Big Picture - November/December 2015 - (Page 12)

dynamic signage A Day at the Airport The best, the worst, and the missed opportunities of digital signage at a perfectstorm location. | by Beth Osborne BIG PICTURE November/December 2015 I f America is a melting pot, then its airports are where the simmer starts. Walk through any concourse and you'll find a medley of travelers; a mixture of races, classes, nationalities, genders, and ages. In other words, it's a textbook environment to gauge the responses of a variety of consumers. Because there's such a broad audience and a naturally busy atmosphere, it's easy to see why digital signage is so prominent. As travelers, we already arrive as consumers; we've paid to be there. And even though there are plenty of distractions, we're still basically a captive audience. The screens may have our attention - at least initially - but can they keep it? I'm a frequent airport visitor; a travel veteran who typically takes 25 to 30 trips a year. Because of my experience, I'm quick to take mental notes on the signage I see. And I've seen good, bad, and lost opportunities, especially at my home airport, Charlotte Douglas (CLT), and, recently, at Texas' Austin-Bergstrom (AUS). Retailers and food service companies that manage locations within airports were early adopters of digital signage because non-traditional layouts keep space at a premium. Plus, owners must add or change content regularly (more so on menu boards, but also on informational signs). The environment also lends itself to embracing technology because the industry itself was born from and continues to grow from innovation. It's kind of the perfect storm, and maybe only one of a few areas where the three major types of digital signage are displayed: * In-store, meaning menu boards, P-O-P displays, or any signage in the actual store promoting those products sold there; * Informational, including wayfinding and internal communications; * And ad roll, representing advertising that is outside the actual location or environment. There is little consistency or uniformity in design or hardware among these three types, typically because each is owned and managed by a different company. Despite the potential benefits of centralizing the signage - cost savings, having a general theme on design, and using the same types of screens - there are probably too many industry players involved to streamline such a feat. IN STORE Unfortunately, I still see my fair share of static screens with flashing JPEGs. It's 2015, and if this is what you're doing with your brand, stop. Invest in software that allows for multiple types of media to be played and that can be updated from anywhere. There are many great products out there with a range of functionality. Cost should also no longer be a barrier to using good software, as many platforms are available that can fit any budget. Do it right or just don't do it. One regional quick-serve restaurant I noticed on a recent trip, however, did have some good content. They used four 40-inch screens to display menu items and a few images. They BETH OSBORNE is a consultant with many years' experience working with end users, providers, and stakeholders in dynamic and large-format signage. She resides in Charlotte, North Carolina. Contact her at 12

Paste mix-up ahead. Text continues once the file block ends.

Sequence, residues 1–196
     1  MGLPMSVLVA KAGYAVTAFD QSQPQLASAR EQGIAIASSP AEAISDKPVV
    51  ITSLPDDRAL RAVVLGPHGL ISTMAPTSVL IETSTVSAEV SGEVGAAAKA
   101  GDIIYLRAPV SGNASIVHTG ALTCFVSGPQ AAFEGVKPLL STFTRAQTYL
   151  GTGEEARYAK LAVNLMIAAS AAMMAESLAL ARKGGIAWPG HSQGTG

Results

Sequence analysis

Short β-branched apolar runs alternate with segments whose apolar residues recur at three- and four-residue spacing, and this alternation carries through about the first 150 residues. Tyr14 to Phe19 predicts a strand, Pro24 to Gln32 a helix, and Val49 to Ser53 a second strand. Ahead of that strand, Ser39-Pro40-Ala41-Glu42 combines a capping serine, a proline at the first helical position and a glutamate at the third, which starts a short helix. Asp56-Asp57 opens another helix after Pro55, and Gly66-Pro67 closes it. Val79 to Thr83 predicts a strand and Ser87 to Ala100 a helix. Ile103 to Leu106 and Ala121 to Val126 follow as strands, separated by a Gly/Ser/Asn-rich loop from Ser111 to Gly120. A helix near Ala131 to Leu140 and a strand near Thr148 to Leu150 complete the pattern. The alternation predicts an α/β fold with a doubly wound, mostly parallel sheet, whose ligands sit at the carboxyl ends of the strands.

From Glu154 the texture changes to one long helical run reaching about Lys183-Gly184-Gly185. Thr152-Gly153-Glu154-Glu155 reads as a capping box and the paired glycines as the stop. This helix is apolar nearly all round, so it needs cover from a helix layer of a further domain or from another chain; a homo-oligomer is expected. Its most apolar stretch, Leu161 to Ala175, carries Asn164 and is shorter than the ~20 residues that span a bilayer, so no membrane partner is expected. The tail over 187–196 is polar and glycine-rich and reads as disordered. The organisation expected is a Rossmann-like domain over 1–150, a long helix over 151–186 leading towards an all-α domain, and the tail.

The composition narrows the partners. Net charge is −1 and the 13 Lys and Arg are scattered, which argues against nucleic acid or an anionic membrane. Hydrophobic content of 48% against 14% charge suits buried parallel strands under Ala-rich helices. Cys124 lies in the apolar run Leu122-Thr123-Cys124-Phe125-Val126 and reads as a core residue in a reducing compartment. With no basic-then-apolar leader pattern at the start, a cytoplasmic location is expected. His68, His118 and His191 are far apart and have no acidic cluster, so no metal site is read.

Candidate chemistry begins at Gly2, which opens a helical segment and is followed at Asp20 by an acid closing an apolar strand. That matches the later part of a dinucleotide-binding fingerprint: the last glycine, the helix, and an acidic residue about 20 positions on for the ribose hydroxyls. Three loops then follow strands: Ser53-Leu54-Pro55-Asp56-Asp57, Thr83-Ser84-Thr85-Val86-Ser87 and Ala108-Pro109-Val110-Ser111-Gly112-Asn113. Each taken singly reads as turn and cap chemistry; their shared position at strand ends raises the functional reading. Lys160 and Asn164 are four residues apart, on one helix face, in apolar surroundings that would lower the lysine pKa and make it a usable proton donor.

Table of Contents for the Digital Edition of Big Picture - November/December 2015

Big Picture - November/December 2015
Wide Angle
Dynamic Display
Ready to Ride
You Ask, We Answer
Wallcoverings’ Creative Awakening

Big Picture - November/December 2015